It seems clearly to reach such involvements of the occupying power as determining the location of the settlements, making land available and financing of settlements, as well as other kinds of assistance and participation in their creation. And the paragraph appears applicable whether or not harm is done by a particular transfer.

The language and history of the provision lead to the conclusion that transfers of a belligerent occupant's civilian population into occupied territory are broadly proscribed as beyond the scope of interim military administration.

 Another view of paragraph 6 is that it is directed against mass population transfers such as occurred in World War II for political, racial or colonization ends; but there is no apparent support or reason for limiting its application to such cases.
Hansell is not a recognized legal scholar, and he is interpreting international law here without referring to any such scholars. His assumption that the background of why Article 49(6) was written has no bearing on its interpretation is almost breathtaking in its naked self-assurance.

Here is what Stone wrote about the settlements' legality, even assuming that the territory is considered occupied. Again, this is Stone's area of expertise. I am editing this fairly ruthlessly because of its length, but you can read it all here.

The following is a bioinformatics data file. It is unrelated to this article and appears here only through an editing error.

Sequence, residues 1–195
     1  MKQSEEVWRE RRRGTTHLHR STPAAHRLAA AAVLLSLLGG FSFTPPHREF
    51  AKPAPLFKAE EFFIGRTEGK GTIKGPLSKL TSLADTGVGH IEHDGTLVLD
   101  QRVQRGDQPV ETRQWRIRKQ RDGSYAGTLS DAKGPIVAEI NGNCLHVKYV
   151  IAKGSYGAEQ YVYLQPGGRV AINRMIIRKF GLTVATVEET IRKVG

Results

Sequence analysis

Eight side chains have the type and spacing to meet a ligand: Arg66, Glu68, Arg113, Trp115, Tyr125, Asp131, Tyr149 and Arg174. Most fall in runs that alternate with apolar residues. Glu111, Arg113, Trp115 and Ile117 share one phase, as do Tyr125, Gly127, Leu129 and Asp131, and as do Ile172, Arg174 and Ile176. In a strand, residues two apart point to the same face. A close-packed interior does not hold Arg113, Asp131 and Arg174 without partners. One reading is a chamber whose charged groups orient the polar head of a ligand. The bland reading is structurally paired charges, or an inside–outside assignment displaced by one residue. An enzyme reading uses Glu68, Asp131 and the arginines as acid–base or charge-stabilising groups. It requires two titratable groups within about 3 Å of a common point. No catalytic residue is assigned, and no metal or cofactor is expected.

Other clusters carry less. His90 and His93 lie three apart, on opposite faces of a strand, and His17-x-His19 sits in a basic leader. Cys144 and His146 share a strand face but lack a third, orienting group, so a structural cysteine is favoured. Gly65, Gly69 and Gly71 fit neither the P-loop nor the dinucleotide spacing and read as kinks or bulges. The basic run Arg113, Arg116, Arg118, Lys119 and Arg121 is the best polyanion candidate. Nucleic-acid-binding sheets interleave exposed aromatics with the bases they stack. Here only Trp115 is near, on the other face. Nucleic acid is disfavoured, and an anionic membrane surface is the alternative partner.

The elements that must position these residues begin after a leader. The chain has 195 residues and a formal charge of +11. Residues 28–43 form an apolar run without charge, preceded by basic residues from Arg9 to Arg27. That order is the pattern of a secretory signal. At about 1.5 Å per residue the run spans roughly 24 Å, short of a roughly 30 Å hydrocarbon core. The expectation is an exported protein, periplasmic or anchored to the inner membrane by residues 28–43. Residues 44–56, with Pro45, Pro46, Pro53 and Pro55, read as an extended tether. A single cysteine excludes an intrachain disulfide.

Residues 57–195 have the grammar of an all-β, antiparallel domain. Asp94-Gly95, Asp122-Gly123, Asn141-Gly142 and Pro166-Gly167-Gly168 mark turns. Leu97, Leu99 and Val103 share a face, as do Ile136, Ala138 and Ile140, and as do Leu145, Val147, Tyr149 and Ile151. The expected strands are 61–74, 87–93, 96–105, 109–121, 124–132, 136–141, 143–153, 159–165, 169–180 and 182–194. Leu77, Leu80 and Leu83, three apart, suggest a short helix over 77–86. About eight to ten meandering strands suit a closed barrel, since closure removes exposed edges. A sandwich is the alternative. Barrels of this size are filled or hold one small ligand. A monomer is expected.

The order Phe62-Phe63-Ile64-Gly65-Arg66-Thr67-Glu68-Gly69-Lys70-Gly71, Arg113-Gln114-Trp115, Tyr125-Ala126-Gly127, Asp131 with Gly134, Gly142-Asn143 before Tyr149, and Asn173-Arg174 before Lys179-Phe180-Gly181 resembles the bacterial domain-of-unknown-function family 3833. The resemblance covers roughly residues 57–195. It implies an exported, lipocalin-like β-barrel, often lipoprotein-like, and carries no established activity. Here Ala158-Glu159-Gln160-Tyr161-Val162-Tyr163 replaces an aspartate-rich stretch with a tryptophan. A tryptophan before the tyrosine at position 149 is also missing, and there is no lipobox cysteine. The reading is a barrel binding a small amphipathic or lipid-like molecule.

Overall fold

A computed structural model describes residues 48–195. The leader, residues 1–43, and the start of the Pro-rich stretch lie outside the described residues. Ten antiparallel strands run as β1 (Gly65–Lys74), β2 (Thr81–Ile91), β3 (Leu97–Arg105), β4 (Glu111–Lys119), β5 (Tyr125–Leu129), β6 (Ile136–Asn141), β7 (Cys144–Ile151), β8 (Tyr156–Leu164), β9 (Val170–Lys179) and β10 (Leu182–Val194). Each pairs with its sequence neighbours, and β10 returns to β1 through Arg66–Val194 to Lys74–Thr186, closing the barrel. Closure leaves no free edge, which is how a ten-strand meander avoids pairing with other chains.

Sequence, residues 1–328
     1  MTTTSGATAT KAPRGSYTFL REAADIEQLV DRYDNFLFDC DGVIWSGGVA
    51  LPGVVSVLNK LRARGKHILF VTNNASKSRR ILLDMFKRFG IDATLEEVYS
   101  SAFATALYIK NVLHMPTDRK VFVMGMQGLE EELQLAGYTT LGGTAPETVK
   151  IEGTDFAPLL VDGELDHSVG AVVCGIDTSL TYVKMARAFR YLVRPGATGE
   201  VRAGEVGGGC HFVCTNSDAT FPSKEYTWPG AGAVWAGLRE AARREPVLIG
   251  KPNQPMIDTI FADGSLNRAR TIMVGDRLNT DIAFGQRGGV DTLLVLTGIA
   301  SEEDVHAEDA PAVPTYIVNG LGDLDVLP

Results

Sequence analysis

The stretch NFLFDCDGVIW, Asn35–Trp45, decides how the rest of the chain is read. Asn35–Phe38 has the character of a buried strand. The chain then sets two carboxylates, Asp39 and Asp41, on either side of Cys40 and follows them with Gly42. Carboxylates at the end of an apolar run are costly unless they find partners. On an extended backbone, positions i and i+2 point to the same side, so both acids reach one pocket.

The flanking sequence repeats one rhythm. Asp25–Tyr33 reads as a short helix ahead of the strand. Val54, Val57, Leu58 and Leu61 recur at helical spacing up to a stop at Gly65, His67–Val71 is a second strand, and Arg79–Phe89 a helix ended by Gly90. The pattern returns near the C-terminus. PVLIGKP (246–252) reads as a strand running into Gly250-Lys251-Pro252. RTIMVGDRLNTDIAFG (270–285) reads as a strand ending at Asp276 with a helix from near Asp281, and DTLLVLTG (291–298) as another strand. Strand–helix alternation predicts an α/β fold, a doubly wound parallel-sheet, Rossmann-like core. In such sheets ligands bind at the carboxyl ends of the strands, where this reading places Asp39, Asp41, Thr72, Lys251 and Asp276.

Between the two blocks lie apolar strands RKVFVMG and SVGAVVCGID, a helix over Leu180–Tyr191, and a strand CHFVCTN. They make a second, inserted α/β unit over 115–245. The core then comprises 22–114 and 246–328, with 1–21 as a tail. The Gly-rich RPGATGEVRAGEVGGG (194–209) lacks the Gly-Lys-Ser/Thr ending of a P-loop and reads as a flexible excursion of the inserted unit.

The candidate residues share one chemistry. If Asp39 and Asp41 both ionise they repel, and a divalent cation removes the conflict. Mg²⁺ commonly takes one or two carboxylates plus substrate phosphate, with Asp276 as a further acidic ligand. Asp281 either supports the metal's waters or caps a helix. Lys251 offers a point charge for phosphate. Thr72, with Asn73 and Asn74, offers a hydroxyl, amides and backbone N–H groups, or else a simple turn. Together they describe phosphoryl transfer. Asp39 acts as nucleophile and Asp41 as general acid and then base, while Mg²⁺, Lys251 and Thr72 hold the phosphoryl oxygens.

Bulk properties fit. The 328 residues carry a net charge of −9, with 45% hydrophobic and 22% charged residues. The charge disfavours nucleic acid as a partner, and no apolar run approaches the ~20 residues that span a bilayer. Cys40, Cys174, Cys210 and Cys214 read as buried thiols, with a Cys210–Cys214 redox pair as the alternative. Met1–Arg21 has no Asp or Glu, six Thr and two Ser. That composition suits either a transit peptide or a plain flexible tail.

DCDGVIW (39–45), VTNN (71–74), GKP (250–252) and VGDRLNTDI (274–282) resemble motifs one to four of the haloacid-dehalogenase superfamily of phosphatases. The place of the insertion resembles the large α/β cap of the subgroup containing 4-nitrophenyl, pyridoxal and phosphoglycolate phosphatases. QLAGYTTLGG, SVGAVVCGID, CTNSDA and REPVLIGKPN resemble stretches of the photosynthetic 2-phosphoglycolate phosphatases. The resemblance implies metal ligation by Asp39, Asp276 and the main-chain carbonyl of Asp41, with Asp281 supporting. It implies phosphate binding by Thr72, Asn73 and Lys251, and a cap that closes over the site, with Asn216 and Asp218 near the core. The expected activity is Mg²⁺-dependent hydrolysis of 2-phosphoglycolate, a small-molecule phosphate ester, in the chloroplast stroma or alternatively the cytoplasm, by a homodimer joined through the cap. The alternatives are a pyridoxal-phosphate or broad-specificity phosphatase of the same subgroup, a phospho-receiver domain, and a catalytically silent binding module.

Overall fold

It is clear that in its drafting history, Article 49 as a whole was directed against the heinous practice of the Nazi regime during the Nazi occupation of Europe in World War II, of forcibly transporting populations of which it wished to rid itself, into or out of occupied territories for the purpose of "liquidating" them with minimum disturbance of its metropolitan territory, or to provide slave labor or for other inhumane purposes. The genocidal objectives, of which Article 49 was concerned to prevent future repetitions against other peoples, were in part conceived by the Nazi authorities as a means of ridding the Nazi occupant's metropolitan territory of Jews—of making it, in Nazi terms, judenrein. Such practices were, of course, prominent among the offenses tried by war crimes tribunals after World War II. ...